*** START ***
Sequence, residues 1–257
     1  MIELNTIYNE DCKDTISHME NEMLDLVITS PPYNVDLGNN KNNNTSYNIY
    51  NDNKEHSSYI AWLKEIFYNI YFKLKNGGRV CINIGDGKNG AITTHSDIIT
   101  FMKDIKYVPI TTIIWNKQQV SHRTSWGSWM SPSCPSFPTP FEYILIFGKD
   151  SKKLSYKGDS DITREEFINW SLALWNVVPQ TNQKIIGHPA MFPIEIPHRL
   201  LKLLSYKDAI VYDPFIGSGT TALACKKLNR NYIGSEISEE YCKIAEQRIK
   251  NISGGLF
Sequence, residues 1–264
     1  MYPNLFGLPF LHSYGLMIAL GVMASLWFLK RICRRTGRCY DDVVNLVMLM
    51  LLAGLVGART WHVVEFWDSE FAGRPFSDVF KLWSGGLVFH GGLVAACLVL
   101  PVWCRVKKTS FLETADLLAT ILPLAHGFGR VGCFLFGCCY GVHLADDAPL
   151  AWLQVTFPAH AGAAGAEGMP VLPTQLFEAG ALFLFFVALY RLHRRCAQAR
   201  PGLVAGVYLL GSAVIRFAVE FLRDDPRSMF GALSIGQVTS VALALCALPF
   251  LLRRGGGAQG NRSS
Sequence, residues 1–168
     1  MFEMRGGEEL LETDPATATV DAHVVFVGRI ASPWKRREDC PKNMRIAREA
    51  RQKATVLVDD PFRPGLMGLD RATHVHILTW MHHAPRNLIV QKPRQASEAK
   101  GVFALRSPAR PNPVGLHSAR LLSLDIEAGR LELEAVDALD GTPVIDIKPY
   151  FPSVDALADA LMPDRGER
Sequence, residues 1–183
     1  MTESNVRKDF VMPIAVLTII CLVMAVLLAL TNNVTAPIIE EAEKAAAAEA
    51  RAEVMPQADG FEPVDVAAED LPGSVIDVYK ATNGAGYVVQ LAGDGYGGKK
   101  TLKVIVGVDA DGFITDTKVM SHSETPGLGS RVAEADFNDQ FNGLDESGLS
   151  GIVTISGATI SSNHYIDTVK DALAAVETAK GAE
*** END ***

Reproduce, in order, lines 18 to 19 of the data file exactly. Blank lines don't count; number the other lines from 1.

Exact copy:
   101  GVFALRSPAR PNPVGLHSAR LLSLDIEAGR LELEAVDALD GTPVIDIKPY
   151  FPSVDALADA LMPDRGER